Tony Blair has ruled out calling a euro referendum this year even if the Government's five economic tests for joining are passed.
The Prime Minister believes public hostility to the single currency is so deep that it cannot be turned around in the four-month campaign envisaged in the Government's National Changeover Plan. He wants a much longer campaign lasting between six months and a year.
Mr Blair, who is determined to take Britain into the eurozone, still hopes to call a referendum before the next general election.
Gordon Brown is more cautious than Mr Blair and there is a growing expectation among ministers that the Treasury's assessment of the five tests, to be completed by June, will deliver a "not yet" verdict.
The growing prospect of a war with Iraq has also encouraged Mr Blair to hold back from a euro referendum. A delay might also suit Mr Brown, who wants to see reforms to the European Central Bank before Britain takes the plunge.
Mr Blair does not want to rule that Britain is unable to join until after the next election, as Labour did in the last Parliament. If Mr Brown says the tests have not been met, Mr Blair wants to revisit them next year to leave time for a referendum before the election, expected in 2005 or 2006.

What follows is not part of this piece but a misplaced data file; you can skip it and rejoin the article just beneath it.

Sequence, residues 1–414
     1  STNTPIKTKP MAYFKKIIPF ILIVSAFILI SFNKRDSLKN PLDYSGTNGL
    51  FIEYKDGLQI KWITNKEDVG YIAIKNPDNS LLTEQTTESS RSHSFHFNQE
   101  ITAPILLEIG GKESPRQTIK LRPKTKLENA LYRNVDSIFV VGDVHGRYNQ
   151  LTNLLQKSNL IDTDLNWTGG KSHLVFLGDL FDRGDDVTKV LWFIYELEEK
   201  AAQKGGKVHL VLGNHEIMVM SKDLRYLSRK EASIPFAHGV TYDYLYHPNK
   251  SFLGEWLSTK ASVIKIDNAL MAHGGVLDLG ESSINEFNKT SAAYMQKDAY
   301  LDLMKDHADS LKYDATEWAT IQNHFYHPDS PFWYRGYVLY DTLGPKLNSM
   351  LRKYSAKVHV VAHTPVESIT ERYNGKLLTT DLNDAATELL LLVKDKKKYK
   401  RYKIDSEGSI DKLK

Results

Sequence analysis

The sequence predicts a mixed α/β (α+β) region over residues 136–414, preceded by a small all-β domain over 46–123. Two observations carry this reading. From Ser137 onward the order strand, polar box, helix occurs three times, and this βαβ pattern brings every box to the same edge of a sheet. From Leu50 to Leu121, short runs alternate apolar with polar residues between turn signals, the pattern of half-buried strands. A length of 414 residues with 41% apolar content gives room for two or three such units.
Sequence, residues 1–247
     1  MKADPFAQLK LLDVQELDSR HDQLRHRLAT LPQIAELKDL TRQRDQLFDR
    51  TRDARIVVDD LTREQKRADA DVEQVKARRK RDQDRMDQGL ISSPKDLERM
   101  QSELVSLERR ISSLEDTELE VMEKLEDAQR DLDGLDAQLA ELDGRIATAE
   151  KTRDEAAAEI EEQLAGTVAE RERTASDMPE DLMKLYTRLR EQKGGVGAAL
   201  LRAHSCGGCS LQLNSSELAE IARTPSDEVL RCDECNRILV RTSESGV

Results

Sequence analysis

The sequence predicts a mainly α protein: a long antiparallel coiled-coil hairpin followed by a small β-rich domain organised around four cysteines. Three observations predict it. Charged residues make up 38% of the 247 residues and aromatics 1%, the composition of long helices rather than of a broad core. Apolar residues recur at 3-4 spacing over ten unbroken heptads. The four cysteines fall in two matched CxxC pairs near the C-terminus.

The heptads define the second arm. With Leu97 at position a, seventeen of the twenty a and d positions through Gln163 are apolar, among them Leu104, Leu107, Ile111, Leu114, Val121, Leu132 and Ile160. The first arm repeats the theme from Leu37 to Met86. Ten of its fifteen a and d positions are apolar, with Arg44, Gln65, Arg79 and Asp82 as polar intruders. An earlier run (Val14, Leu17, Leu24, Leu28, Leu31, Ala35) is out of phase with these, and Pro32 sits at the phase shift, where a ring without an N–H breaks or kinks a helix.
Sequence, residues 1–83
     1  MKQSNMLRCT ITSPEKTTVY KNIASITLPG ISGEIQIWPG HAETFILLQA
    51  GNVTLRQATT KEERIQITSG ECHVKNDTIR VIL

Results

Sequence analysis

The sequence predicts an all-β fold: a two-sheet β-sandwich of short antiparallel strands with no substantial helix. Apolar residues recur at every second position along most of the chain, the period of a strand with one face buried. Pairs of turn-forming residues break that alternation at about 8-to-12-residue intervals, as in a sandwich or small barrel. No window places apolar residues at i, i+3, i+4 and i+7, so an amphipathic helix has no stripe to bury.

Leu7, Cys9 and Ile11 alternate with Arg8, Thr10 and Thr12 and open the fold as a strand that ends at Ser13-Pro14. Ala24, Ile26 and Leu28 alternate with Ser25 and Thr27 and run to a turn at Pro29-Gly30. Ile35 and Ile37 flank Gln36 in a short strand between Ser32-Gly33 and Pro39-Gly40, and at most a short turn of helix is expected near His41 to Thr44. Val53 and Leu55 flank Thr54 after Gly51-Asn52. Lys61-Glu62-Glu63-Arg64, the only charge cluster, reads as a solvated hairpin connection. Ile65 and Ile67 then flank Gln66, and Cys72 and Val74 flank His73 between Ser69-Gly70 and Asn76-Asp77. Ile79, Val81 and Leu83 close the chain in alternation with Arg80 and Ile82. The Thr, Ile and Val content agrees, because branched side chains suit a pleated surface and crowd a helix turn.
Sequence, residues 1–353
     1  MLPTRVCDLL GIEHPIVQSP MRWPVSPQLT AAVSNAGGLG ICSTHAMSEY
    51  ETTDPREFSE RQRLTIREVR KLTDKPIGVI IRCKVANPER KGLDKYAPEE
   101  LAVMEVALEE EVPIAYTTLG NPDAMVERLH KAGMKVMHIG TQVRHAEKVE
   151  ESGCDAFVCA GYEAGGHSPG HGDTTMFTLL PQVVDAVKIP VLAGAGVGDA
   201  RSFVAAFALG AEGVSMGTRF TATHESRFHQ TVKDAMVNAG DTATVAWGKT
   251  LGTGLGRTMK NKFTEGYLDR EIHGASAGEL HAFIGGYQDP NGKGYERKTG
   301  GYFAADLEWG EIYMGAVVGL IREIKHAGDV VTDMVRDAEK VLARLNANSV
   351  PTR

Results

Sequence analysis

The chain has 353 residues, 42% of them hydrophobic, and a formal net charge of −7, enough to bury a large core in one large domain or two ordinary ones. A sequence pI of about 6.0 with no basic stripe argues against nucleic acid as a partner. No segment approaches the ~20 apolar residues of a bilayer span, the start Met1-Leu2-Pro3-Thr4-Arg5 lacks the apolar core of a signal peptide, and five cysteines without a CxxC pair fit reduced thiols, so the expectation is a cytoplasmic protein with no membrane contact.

If the Treasury produces a "yes" verdict this year, a referendum would not take place this autumn, as previously thought, but would be delayed until next year.
The Prime Minister has decided to "play it long" in the hope that this will boost his chances of reversing a 2-1 majority against joining the euro. One Blair aide said yesterday: "We have to allow a significant time to pass between the assessment and a referendum."
A minister close to Mr Blair added: "The process is serious and must be seen to have credibility. If we move straight from the assessment into a campaign, it would be too crude and look like a fix."
For the same reason, Mr Blair has ruled out making a direct case for euro membership before the assessment is complete. He fears this would be seen as prejudging the tests.
The Prime Minister's approach will disappoint advocates of the euro who believe that an all-party referendum campaign, led by Mr Blair and Mr Brown, could transform the debate and win a "yes" vote.
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